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Any steiner school experiences?

(67 Posts)
mollysmum82 Wed 08-Jun-11 14:22:20

I went to a toddler group at our local steiner school today and it was just lovely. There was such a calm atmosphere and my daughter adored it. We've been thinking about schools for a while now and I wondered if anyone had any good (or bad) experiences of a steiner education, in preschool, primary and secondary levels. Many thanks in advance

TheCrackFox Wed 08-Jun-11 22:18:43

I know an adult ex-Steiner pupil who is just a little sad about the fact that she has no qualifications and can't actually get a decentish job.

She is, however, very nice. Employers, however, aren't all that impressed with niceness which is a shame.

Tigresswoods Wed 08-Jun-11 22:22:02

My cousin went in the 90's, he is no 30. He has found it very hard to settle into a job and generally what I consider "normal" life. He just always seems to be on the outside of things. That could just be him though.

I don't really remember details because I was a teenager myself when he was there but I do remember:

He could wear what he wanted so long as there was no writing on it
He was not allowed to play football and instead seemed to spend his games lessons doing dance
They didn't seem to "believe" in qualificiations and thought there was no need to have more than 5 GCSEs.

I could have the qualifications bit wrong but that is what I recall. He is not very academic so maybe if he was conventionally "clever" it would have been a more enriching experience for him.

Saying all this he was happy there.

I am going to sit and watch the bunfight now.

MoonFaceMamaaaaargh Thu 09-Jun-11 08:26:47

i am a big believer that emotional intelligence is far to low down the list of priorities in the standard education system (despite it being better indicator of "success" later in life than IQ). I'd like to know how steiner schools address this...

I also believe there is far too much pressure to get kids reading and writing before they are ready. Some kids are ready earlier than others. I'd rather take the line that you follow the individuals lead (montessori i believe) than not allowing children access to books/letters etc till seven a la steiner. Seems very controling and arbitary to me. I would be genuinly interested if someone could explain the thinking behind this.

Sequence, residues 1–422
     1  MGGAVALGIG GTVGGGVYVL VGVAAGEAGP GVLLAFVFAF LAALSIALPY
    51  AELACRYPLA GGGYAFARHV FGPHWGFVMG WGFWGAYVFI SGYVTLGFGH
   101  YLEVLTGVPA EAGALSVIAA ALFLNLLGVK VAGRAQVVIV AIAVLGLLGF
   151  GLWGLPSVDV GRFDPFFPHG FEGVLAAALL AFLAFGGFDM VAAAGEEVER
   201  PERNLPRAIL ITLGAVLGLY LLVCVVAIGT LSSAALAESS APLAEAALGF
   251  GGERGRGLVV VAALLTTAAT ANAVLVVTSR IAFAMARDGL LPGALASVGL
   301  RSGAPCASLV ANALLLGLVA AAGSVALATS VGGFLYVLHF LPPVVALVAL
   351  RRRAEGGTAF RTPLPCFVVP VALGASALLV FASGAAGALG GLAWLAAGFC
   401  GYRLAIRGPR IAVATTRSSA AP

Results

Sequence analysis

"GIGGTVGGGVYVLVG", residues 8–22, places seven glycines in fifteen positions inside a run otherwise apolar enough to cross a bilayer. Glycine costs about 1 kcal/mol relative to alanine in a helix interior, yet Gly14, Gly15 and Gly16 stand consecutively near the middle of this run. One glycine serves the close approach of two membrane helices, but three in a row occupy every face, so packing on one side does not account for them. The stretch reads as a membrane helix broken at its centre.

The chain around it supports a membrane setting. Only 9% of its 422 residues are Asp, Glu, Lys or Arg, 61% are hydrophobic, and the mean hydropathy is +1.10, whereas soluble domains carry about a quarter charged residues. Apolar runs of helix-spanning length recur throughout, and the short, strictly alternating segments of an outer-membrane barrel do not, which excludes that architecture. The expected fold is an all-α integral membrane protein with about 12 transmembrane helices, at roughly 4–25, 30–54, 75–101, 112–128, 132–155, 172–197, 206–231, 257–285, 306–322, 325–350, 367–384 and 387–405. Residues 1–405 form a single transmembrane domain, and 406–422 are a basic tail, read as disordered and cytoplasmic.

I have friends that think steiner is very creative. I don't see how, seems restrictive to me and again i'd be genuinly interested to hear more about this from anyone who is into steiner...or i might have to have the conversation in rl!

I went to a steiner event in a park...was very much an adults idea of what kids want imo. Highly organised and a bit tame. Not nearly raucus enough for my liking... grin

If anyone could answer my q's i'd be very grateful. smile

My parents both went to the Steiner school in Kings Langley back in the 60s. They are definitely not anthroposophy etc! We have lots of friends in Germany who teach/went to Steiner schools. They are a little bit hippyish but in a very gentle way and there was nothing cultish about them. We stayed with them every summer holiday and had a wonderful time running about, doing carpentry, playing in the woods etc. I was a huge reader from being tiny and noone ever commented that I shouldn't be reading until I was 7.

My BIL (now 21) went to a Steiner school when he was 8 simply because my MIL took him out of a school where he was being bullied but then couldn't find another school with places. It was just what he needed at the time as he was suffering from anxiety but when he had to transfer into m/s school for secondary, the academic side was sadly missing. However he is now a tennis coach and I don't think that he was ever going to be an academic regardless of which school he went to! grin

onadifferentplanettoday Thu 09-Jun-11 09:14:41

My son is at our local Steiner school,I had had like most people heard all the negative comments but decided to go and look for myself. For my son it is the perfect environment he had become a confident outgoing child,is learning three languages,two instruments and the academic work is of a very high standard. he has also developed a love of gardening.woodwork,pottery and cooking. I wonder how many of the people who go on about gnomes,no tv and hippies have actually any real experience of steiner many seem to simply be repeating third hand information. My child is certainly in no way 'feral' in fact he is very well behaved,polite and courteous rather more so than many of the children who live in our street. We have tv,internet and xbox and have even been known to visit McDonalds and KFC,we don't sit at home on a toadstool knitting!
Another poster says sport is limited,last term my son's sports were swimming and climbing and this term circus skills and cycling.
Steiner is not for everyone, but then neither is the local state school.
By the way I have three other children each have gone to the school I considered right for them,you know your child better than anyone else and know what will suit them .

snailoon Thu 09-Jun-11 09:37:13

It depends on the school. Some are better than others, but they can be quite closed-minded and judgemental if you don't toe the line.
Staying with the same teacher for years could be a huge problem too, I think.

BamBam21 Thu 09-Jun-11 09:39:56